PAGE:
Example Of Prisoners: A Review Essay

Type of paper: Essay

Topic: Film, Cinema, Law, People, Literature, Actors, Direction, Theater

Pages: 4

Words: 1100

Published: 2021/02/16

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Prisoners (2013) is a film that explores issues surrounding abduction and how people react in situations where they feel helpless without anyone to blame. It tells the story of Detective David Loki (played by Jake Gyllenhaal) who is investigating the disappearance of two young girls, from two separate families. A man with mental disabilities, Alex Jones (played by Paul Dano) appears to fit the bill for the abductor perfectly – but Loki cannot find any hard evidence. Both Keller Dover (Hugh Jackman) and Franklin (Terrence Howard), the father of the respective girls, are convinced that the man is responsible and is frustrated by the police’s lack of action.
The main ethical dilemma that is explored here is how people react when they feel like the law is not working for them. Dover is enraged by the police’s reluctance to arrest Alex Jones and, fuelled by this belief, takes the law into his own hands and imprisons the man at an abandoned site until he gives up the location of the girls – torturing him to try and extract this information. Franklin is clearly very uncomfortable about this and it is Dover who takes the lead in events, with Franklin reluctantly agreeing out of desperation at wanting to get his daughter back.
The film is paced in such a way that it makes this mental and physical very clear. The first third or so of Prisoners is very deliberately paced and almost reserved. It has the feeling of a police procedural as Loki tries to figure out exactly what has happened here. However, once Keller decides to take the law into his own hands the tone very much changes. It is here when Prisoners really starts to become challenging morally. Keller is absolutely brutal in his treatment of Alex Jones and the scenes where he tortures him are very difficult to watch.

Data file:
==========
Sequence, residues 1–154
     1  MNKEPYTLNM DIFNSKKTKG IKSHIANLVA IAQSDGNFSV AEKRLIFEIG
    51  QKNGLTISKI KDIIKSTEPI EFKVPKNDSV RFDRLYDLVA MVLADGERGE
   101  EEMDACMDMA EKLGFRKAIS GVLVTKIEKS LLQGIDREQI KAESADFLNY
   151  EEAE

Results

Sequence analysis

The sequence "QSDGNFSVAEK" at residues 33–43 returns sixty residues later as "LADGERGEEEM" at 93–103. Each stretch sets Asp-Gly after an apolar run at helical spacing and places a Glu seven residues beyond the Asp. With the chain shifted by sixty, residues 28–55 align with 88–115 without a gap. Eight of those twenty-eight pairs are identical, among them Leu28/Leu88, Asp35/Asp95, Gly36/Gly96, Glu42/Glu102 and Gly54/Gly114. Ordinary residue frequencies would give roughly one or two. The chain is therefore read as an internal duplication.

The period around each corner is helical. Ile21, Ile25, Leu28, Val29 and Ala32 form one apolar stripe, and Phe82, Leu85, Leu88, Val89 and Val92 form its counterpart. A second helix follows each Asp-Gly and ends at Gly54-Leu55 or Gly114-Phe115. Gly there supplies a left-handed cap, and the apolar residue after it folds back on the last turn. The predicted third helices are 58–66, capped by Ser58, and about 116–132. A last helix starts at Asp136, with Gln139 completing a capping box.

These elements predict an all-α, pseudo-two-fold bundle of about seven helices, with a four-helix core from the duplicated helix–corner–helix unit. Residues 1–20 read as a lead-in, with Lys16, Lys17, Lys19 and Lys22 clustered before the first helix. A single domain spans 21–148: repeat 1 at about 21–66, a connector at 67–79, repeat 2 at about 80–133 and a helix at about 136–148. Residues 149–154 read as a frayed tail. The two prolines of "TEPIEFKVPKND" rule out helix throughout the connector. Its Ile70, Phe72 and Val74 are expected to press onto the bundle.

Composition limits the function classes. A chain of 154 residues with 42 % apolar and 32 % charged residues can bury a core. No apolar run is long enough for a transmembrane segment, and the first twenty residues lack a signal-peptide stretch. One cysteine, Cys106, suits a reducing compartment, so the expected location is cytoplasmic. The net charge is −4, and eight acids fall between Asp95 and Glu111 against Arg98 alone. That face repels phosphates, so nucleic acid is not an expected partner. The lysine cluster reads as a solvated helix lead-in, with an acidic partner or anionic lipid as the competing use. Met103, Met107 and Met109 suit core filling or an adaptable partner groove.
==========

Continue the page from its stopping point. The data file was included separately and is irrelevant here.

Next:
This raises a number of interesting questions – does this man even deserve it? In the world of Keller Dover, he does. The man is desperate to get his child back and that and justifies the means, no matter how brutal they are. However, we have no evidence that Jones has actually committed these crimes and even if he did he is clearly severely disabled mentally. In such cases, does a man with this condition deserve to be treated so violently? Similarly, the law is there to protect everyone and this has been done for a reason. Just because someone may be guilty of a crime does not make vigilantism acceptable under any circumstances. It is a very slippery slope and this is a key theme that Prisoners explores.
In his review, M. Faust (Artvoice, 2013) is favorable towards these themes but not impressed at the way Prisoners decides to portray them. He notes that “the performances are powerful but relentlessly one-note: The actors are given one tone to hold to throughout the film. At least Jackman (frustrated rage) and Gyllenhaal (steely determination) get showy notes to work with: Among the other parents, Maria Bello has to go through the film as borderline hysteria, while Terence Howard is stuck with pained impotence. That Dano is good at projecting weakness is not in the viewer’s favor” while also describing the ending as “befuddled”, noting that many of the key questions asked earlier in the movie are left unanswered and it goes off in a wildly different direction.
Conversely, Simon Jones (Screenwize, 2013) is full of praise for it. He was particularly fond of Jake Gyllenhaal’s “sublime” performance and the excellent way that Jackman portrays a man who is desperate to do “something, anything” when his daughter goes missing. Furthermore, he contends that the story is “poetic” and “slow boiling” and does not glamorize anyone in particular. Writer Aaron Guzikowski and director Denis Villeneuve are lauded for not being afraid to show their characters have faults. Both Jones and Faust both strongly praised the cinematography, with Jones stating that “cinematographer Roger Deakins create an ominous mood from the very first shot”.